Avianca to spend $5 billion on planes to meet rising Latin American demand
An Avianca jet takes off from Rio de Janiero's second largest airport Santos Dumont. Joao Carlos Medau / Flickr
Latin American airlines like Colombia’s Avianca have an advantage over international carriers that are just now entering the region, but they’ll need first invest in their fleets to match foreign carriers’ capacity.
Avianca Holdings SA Chief Executive Officer Fabio Villegas said the Colombian airline will spend at least $4 billion through 2019 as it buys more than 100 planes to meet rising passenger traffic in Latin America.
Avianca, which has total assets of about $4.5 billion, plans to spend $4 billion to $5 billion over the next seven years to buy 104 planes, including 15 Boeing Co. 787 Dreamliners, Villegas said in an interview. The plan is conservative under the company’s traffic projections and could be scaled up if warranted, he said.
“We have to grow, but it has to be in a profitable way,” Villegas, 58, said yesterday at the company’s headquarters in Bogota. “The biggest failures in this industry start with disproportionate expansion plans.”
Avianca sold this month $300 million of bonds in international markets, taking advantage of investor demand for emerging-market debt as central banks in the U.S. and Europe hold interest rates close to zero to stimulate economic growth. The bonds have a B+ from Fitch Ratings, four levels below investment grade.
On the first day of trading after the sale, the Avianca bonds jumped to 104.75 cents on the dollar from the sale price of 98.71 cents, according to Trace, the reporting system of the Financial Industry Regulatory Authority. They have since increased to 107.13 cents, pushing yields down to 7.06 percent, according to Trace.
Villegas said the company didn’t overpay on the yields for the bonds.
They were “issued at the right price,” he said. “It’s really good that investors are gaining from it, and that was always part of our strategy.”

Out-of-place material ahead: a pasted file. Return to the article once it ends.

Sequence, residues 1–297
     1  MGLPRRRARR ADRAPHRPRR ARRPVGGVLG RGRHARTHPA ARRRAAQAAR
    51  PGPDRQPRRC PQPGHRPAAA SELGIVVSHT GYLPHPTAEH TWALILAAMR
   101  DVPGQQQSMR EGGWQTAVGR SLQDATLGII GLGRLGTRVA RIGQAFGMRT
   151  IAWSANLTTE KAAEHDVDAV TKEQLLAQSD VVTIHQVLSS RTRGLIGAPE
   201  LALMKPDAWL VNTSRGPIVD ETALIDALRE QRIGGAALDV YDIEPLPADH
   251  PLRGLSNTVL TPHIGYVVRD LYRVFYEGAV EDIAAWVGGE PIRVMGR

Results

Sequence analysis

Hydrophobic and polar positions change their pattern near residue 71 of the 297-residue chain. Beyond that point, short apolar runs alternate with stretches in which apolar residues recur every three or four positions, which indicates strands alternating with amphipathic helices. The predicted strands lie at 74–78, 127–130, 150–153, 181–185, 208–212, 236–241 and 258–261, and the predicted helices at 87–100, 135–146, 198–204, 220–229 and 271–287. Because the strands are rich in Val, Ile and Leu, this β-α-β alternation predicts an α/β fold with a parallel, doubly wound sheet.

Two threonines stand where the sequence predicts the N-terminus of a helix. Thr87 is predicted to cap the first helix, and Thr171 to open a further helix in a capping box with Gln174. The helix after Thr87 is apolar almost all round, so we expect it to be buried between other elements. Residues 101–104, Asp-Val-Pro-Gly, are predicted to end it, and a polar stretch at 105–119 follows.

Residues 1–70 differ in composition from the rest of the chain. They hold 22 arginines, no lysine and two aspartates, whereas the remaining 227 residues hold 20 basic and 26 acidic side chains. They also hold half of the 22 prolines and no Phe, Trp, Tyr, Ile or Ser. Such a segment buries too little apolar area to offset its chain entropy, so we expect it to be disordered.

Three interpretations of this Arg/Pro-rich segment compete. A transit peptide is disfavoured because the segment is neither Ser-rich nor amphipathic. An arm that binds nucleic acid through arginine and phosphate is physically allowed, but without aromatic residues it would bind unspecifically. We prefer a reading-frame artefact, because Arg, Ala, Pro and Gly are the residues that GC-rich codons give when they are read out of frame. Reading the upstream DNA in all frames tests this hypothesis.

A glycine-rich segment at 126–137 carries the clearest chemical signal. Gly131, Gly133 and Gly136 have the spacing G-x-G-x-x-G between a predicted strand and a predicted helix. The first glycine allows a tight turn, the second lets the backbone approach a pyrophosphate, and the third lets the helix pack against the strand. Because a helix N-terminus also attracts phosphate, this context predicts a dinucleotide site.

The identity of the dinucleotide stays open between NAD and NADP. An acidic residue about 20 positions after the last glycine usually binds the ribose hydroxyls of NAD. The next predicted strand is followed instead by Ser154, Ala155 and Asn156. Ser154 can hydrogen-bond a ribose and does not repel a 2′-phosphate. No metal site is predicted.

The company’s shares are down 3.6 percent this year after gaining 38 percent in 2012, its first full year as a public company after an initial public offering in 2011. Villegas has served as CEO since 2005, according to a bond-offering document.
Avianca will expand available seat-kilometers — a measure of passenger capacity — by about 8 percent to 9 percent per year over the next five years, Villegas said. Capacity growth was 10 percent last year, according to a report on its website.
The new plane orders “are mostly for replacement, and our growth will be quite reasonable,” he said. Avianca operated 152 aircraft as of Dec. 31, according to the bond-offering document.
The Dreamliners will allow the company to add routes and fly existing routes more profitably, he said.
Routes within Latin America are “where we’re playing and expanding and it’s precisely the market growing the most,” he said.
Editors: Bradley Keoun and Dennis Fitzgerald.
To contact the reporter on this story: Christine Jenkins in Bogota at firstname.lastname@example.org. To contact the editor responsible for this story: David Papadopoulos at email@example.com.